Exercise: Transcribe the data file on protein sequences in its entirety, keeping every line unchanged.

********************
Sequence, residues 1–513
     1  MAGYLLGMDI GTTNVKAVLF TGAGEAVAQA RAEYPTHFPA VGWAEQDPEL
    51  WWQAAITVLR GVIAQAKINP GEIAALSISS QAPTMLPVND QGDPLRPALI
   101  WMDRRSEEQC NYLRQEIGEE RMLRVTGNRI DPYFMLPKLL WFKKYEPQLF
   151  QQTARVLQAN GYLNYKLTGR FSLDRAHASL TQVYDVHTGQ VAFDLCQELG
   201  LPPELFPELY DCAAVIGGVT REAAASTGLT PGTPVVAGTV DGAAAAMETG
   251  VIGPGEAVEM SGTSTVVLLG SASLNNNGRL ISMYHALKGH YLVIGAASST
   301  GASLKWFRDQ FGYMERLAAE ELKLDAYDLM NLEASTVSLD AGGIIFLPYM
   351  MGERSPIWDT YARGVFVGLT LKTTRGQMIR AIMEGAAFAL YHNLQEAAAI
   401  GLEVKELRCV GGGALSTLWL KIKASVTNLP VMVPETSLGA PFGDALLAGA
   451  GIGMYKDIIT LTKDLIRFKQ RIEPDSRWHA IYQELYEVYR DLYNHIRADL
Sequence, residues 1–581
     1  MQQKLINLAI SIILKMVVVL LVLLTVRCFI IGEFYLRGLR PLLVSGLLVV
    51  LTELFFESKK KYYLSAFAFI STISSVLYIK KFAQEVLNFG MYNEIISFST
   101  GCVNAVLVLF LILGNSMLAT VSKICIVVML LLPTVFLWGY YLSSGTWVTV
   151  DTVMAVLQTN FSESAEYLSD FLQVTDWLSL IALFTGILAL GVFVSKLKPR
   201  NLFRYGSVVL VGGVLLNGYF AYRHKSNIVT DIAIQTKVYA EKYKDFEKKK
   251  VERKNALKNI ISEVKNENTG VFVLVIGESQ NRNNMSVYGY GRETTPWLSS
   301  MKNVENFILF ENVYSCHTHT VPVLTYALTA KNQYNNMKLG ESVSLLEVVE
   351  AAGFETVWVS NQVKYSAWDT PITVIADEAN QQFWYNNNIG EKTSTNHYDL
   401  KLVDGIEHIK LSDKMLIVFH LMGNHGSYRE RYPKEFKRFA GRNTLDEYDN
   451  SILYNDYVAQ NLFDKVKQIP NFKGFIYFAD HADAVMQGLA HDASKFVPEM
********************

Sequence, residues 1–513
     1  MAGYLLGMDI GTTNVKAVLF TGAGEAVAQA RAEYPTHFPA VGWAEQDPEL
    51  WWQAAITVLR GVIAQAKINP GEIAALSISS QAPTMLPVND QGDPLRPALI
   101  WMDRRSEEQC NYLRQEIGEE RMLRVTGNRI DPYFMLPKLL WFKKYEPQLF
   151  QQTARVLQAN GYLNYKLTGR FSLDRAHASL TQVYDVHTGQ VAFDLCQELG
   201  LPPELFPELY DCAAVIGGVT REAAASTGLT PGTPVVAGTV DGAAAAMETG
   251  VIGPGEAVEM SGTSTVVLLG SASLNNNGRL ISMYHALKGH YLVIGAASST
   301  GASLKWFRDQ FGYMERLAAE ELKLDAYDLM NLEASTVSLD AGGIIFLPYM
   351  MGERSPIWDT YARGVFVGLT LKTTRGQMIR AIMEGAAFAL YHNLQEAAAI
   401  GLEVKELRCV GGGALSTLWL KIKASVTNLP VMVPETSLGA PFGDALLAGA
   451  GIGMYKDIIT LTKDLIRFKQ RIEPDSRWHA IYQELYEVYR DLYNHIRADL
Sequence, residues 1–581
     1  MQQKLINLAI SIILKMVVVL LVLLTVRCFI IGEFYLRGLR PLLVSGLLVV
    51  LTELFFESKK KYYLSAFAFI STISSVLYIK KFAQEVLNFG MYNEIISFST
   101  GCVNAVLVLF LILGNSMLAT VSKICIVVML LLPTVFLWGY YLSSGTWVTV
   151  DTVMAVLQTN FSESAEYLSD FLQVTDWLSL IALFTGILAL GVFVSKLKPR
   201  NLFRYGSVVL VGGVLLNGYF AYRHKSNIVT DIAIQTKVYA EKYKDFEKKK
   251  VERKNALKNI ISEVKNENTG VFVLVIGESQ NRNNMSVYGY GRETTPWLSS
   301  MKNVENFILF ENVYSCHTHT VPVLTYALTA KNQYNNMKLG ESVSLLEVVE
   351  AAGFETVWVS NQVKYSAWDT PITVIADEAN QQFWYNNNIG EKTSTNHYDL
   401  KLVDGIEHIK LSDKMLIVFH LMGNHGSYRE RYPKEFKRFA GRNTLDEYDN
   451  SILYNDYVAQ NLFDKVKQIP NFKGFIYFAD HADAVMQGLA HDASKFVPEM